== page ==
I tend to listen most carefully to those whose opinions I've learned to trust. With Marlena, for instance, although we report different responses to Le Trumilou, I have agreed with her evaluations so often that I would try without hesitation any place she recommended.

As to a report from a stranger, I would be liable to evaluate the prose style as a means of determining trustworthiness.

And then there's John Talbott. As soon as I saw his photo I knew that he was infinitely wise and took his every word as gospel. :biggrin:


John Whiting, London

Whitings Writings

Top Google/MSN hit for Paris Bistros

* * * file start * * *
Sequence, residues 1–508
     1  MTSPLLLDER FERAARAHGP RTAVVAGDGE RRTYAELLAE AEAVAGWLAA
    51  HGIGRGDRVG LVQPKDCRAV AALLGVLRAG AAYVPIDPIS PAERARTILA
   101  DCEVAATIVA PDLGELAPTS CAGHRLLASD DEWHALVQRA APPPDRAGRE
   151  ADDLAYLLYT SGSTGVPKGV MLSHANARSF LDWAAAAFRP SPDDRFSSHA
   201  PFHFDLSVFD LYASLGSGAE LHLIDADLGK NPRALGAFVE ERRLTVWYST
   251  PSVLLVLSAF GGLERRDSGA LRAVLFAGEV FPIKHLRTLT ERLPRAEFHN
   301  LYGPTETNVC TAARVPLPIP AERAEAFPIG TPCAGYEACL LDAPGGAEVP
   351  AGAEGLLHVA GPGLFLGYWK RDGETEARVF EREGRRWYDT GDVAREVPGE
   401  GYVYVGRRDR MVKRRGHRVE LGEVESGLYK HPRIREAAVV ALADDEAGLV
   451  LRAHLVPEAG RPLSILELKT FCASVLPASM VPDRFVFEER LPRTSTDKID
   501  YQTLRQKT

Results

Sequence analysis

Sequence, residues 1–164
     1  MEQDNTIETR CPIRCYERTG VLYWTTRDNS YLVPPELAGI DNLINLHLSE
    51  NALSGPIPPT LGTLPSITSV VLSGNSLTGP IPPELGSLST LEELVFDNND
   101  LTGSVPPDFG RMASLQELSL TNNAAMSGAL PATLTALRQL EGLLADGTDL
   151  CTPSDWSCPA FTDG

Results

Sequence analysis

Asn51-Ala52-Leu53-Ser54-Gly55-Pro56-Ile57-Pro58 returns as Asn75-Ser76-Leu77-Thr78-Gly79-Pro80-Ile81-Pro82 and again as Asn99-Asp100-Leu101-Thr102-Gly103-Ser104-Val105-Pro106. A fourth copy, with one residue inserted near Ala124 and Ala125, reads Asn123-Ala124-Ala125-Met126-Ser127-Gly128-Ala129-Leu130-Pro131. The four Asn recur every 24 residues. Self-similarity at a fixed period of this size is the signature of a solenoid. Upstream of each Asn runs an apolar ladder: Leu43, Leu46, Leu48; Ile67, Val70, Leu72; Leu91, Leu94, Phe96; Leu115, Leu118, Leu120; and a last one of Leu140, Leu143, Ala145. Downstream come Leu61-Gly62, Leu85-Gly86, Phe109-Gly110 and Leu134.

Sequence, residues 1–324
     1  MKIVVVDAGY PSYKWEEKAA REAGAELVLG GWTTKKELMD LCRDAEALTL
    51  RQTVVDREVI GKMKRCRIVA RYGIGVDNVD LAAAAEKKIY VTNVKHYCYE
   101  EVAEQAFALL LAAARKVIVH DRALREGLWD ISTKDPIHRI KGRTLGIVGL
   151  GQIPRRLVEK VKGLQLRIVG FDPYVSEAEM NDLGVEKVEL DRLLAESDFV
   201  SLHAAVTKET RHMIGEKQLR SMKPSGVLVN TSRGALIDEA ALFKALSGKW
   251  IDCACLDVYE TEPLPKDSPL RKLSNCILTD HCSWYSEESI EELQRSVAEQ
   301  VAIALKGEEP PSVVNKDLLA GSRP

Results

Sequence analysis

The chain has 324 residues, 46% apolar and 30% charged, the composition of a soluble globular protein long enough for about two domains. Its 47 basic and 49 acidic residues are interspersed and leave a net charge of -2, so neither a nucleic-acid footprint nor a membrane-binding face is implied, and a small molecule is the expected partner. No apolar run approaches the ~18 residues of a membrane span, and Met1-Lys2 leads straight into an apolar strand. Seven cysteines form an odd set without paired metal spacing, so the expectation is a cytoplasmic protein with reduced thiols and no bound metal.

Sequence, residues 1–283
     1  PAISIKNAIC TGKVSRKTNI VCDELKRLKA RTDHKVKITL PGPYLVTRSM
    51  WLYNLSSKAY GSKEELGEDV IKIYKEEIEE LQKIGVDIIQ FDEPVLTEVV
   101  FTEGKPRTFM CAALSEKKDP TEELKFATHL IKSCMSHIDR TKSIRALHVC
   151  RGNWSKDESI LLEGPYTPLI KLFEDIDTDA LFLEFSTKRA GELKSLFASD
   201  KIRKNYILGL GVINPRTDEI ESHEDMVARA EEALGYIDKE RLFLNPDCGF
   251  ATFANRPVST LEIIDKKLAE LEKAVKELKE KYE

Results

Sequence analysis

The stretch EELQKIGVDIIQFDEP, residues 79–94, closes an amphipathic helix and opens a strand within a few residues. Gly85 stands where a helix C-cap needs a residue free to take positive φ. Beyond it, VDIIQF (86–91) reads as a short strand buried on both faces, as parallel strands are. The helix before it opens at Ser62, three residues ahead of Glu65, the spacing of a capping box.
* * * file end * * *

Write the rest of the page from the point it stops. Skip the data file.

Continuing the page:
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ma maison at 1 rue de bucherie. Great Polonia tree, interesting looking menu, fabulous location, sucky food and bad waiters. I just reread our journal entries for this trip to remember the name of the restaurant. I think we ended up spending nearly 110 euros for a unmemorable, rushed meal at 10:30 pm.

lala


I have a relatively uninteresting life unless you like travel and food. Read more about it here.

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And then there's John Talbott. As soon as I saw his photo I knew that he was infinitely wise and took his every word as gospel.  :biggrin:

Appearances can be very deceiving. I hear that's a very old picture. :biggrin:


Robert Buxbaum

WorldTable